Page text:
|Home | About | Journals | Submit | Contact Us | Français|
Chronic exposure to manganese (Mn) leads to a neurological disorder, manganism, which shares multiple common features with idiopathic Parkinson disease (IPD). 17β-Estradiol (E2) and some selective estrogen receptor modulators, including tamoxifen (TX), afford neuroprotection in various experimental models of neurodegeneration. However, the neuroprotective effects and mechanisms of E2/TX in Mn-induced toxicity have yet to be documented. Herein, we studied the ability of E2/TX to protect rat cortical primary neuronal and astroglial cultures from Mn-induced toxicity. Cell viability, Western blot, and reactive oxygen species (ROS) generation were assessed. Results established that both E2 (10nM) and TX (1μM) attenuated Mn-induced toxicity. The protective effects of E2/TX were more pronounced in astrocytes versus neurons. The E2-mediated attenuation of Mn-induced ROS generation in astrocytes at 6-h treatment (where no cell death was detected) was mediated by a classical estrogen receptor (ER) pathway and the TX-mediated effect on Mn-induced ROS generation was not mediated via classical ER-dependent mechanisms and likely by its antioxidant properties. The phosphatidylinositol-3 kinase (PI3K)/Akt signaling pathway was involved in both E2- and TX-induced attenuation of Mn-induced ROS formation (6 h) in astrocytes. Treatments with Mn for a longer duration (24 h) led to significant cell death, and the protective effects of E2 and TX were (1) not mediated by a classical ER pathway and (2) associated with activation of both mitogen-activated protein kinase/extracellular signal-regulated kinase and PI3K/Akt signaling pathways. Taken together, the results suggest that both E2 and TX offer effective therapeutic means for neuroprotection against Mn-induced toxicity.
Manganese (Mn) is an essential element, but chronic exposures to high levels of this metal can induce irreversible neurological damage, referred to as manganism. Clinically manganism and Parkinson disease (PD) share multiple common characteristics, including the presence of generalized bradykinesia and widespread rigidity (Barbeau, 1984). Although the pathological changes and symptoms of Mn exposure are well known, the primary mechanisms of neurotoxicity have yet to be established.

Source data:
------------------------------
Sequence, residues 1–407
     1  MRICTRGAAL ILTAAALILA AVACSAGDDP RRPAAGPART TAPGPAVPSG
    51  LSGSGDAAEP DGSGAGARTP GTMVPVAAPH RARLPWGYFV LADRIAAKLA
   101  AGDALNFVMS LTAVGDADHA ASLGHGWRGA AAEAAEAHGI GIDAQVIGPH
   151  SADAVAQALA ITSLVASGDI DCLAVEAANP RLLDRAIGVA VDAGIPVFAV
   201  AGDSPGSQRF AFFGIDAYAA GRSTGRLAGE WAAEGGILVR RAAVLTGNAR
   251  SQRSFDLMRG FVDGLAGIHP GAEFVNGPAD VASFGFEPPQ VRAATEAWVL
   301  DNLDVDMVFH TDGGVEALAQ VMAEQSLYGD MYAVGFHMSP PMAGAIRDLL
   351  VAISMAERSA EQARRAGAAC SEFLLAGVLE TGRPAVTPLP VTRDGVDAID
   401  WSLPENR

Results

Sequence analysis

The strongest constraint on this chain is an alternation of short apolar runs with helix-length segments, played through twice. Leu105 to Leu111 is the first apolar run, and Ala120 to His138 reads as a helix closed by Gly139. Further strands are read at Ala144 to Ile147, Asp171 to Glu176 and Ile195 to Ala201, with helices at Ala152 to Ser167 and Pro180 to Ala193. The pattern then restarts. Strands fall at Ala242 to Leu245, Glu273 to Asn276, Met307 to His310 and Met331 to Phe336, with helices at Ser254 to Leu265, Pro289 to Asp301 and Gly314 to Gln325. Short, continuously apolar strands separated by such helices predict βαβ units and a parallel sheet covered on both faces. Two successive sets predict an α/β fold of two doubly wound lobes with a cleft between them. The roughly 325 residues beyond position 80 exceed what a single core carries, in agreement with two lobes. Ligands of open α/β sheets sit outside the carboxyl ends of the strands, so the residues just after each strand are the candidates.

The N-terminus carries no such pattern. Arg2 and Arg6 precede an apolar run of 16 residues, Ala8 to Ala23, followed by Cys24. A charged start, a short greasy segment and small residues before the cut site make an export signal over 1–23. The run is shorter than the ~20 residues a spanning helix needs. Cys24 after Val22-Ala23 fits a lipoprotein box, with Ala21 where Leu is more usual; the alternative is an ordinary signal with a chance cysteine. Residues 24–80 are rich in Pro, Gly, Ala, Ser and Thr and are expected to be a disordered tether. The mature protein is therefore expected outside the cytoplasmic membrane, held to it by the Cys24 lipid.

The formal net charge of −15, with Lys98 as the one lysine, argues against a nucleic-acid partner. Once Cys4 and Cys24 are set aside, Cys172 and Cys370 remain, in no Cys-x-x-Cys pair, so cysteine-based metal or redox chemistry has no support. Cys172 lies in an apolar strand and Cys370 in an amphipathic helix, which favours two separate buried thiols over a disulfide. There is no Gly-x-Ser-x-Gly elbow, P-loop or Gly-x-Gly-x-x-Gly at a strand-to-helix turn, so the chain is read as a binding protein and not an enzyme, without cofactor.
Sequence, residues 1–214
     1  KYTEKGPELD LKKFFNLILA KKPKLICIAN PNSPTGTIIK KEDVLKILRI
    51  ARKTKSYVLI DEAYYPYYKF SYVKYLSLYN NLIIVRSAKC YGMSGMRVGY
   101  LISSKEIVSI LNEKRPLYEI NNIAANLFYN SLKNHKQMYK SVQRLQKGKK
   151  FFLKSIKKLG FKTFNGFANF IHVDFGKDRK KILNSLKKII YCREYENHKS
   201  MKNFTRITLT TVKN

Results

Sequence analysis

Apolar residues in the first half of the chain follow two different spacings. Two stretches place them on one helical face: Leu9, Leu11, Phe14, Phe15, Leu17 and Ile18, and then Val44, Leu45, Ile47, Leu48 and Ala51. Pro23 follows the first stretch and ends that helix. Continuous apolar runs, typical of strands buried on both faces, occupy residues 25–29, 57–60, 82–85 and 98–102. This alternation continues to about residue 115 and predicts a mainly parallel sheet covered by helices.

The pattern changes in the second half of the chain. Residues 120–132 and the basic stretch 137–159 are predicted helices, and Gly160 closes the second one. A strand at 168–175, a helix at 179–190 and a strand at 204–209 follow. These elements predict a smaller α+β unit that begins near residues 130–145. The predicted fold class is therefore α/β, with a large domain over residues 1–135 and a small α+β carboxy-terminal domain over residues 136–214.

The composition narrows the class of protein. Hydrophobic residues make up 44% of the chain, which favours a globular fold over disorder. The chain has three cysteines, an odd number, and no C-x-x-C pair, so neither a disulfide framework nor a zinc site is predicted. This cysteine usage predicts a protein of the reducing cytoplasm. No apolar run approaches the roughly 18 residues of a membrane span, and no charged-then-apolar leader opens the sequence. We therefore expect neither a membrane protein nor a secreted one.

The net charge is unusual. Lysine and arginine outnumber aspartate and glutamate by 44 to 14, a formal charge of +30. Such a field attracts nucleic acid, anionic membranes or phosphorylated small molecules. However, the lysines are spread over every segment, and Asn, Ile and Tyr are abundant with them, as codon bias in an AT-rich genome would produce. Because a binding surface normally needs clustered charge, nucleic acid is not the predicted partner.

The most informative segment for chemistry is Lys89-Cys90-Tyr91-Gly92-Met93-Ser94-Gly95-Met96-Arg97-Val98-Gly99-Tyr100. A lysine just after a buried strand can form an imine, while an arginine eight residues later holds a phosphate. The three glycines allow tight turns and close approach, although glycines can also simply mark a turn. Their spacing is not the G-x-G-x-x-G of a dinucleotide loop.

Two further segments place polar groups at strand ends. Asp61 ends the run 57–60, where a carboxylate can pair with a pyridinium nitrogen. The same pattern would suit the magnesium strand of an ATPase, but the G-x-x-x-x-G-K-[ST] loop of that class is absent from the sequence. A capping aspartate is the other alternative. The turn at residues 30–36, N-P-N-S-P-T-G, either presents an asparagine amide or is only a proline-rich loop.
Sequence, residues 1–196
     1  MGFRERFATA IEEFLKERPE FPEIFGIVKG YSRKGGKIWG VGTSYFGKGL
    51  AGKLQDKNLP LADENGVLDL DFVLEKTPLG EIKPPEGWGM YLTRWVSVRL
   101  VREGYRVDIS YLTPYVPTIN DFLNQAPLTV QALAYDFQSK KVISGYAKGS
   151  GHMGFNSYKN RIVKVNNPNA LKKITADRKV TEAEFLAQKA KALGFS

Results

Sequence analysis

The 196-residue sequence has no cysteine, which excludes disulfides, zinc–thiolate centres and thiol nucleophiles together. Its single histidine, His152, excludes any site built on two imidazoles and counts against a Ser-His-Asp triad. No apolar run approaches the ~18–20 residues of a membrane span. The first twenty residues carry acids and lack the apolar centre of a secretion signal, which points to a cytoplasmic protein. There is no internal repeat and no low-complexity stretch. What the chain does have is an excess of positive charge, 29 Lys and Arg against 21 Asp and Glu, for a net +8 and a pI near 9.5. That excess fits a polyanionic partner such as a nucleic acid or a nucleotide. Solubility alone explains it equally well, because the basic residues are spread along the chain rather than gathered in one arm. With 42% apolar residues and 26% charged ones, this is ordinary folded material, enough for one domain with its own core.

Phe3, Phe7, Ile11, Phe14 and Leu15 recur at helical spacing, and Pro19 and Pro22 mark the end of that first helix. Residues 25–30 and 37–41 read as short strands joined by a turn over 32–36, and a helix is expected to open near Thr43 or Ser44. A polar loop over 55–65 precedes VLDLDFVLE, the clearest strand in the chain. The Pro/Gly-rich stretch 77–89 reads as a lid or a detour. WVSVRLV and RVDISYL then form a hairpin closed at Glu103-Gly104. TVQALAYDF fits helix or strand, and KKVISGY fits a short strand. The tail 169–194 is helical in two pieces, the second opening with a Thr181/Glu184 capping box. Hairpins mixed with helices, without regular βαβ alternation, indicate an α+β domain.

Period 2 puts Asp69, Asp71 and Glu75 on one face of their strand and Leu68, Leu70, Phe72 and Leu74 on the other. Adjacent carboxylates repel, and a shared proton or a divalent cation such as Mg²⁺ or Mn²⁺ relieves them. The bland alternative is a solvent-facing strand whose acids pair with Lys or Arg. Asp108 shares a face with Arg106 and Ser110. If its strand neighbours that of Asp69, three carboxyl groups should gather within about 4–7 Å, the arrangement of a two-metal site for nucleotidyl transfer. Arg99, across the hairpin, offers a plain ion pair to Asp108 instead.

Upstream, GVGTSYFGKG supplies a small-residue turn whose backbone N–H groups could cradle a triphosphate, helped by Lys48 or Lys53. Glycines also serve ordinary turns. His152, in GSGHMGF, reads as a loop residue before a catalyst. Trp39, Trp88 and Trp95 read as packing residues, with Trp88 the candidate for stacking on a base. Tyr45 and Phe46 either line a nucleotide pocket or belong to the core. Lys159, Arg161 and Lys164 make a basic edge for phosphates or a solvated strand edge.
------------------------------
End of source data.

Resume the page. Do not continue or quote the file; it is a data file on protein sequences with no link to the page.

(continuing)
There is growing evidence that astrocytes mediate Mn-induced neurotoxicity. Mn primarily accumulates within astrocytes, reaching intracellular levels > 50–75μM (Tholey et al., 1988), where it serves as an essential component of glutamine synthetase, an astrocyte-specific enzyme involved in the metabolism of glutamate to glutamine (Gorovits et al., 1997). Excessive accumulation of Mn in astrocytes is associated with compromised energy metabolism, oxidative stress, and impairment of astrocytic-neuronal communication (Hazell, 2002; Milatovic et al., 2007; Taylor et al., 2006). Thus, neuronal vulnerability to Mn may be due to loss of functional integrity of astrocytes and their failure to control the extracellular milieu (Normandin and Hazell, 2002). Oxidative stress (Desole et al., 1997; Stokes et al., 2000) and glutamate transporter impairment in astrocytes have been proposed as mediators of Mn neurotoxicity (Brouillet et al., 1993; Desole et al., 1997). Notably, Mn effectively induces oxidative stress and free radical formation in both neurons and astrocytes (Chen and Liao, 2002; Gunter et al., 2005; Sun et al., 1993; Worley et al., 2002).
17β-Estradiol (E2), an ovarian steroid hormone, exerts neuroprotective effects in various experimental models of neurodegenerative diseases, such as Alzheimer disease (AD) (Barron et al., 2006), PD (Ramirez et al., 2003), and ischemic stroke (Dhandapani and Brann, 2002). However, since E2 induces undesirable peripheral side effects, characterized by hyperplasia of breast and uterine tissues, selective estrogen receptor modulators, such as tamoxifen (TX) and raloxifen, have received extensive attention as alternative neuroprotectants. TX possesses agonistic functions to the estrogen receptors (ERs) and has been documented to afford neuroprotection in experimental models of ischemia (Dhandapani et al., 2005; Kimelberg, 2005) and AD (O'Neill et al., 2004).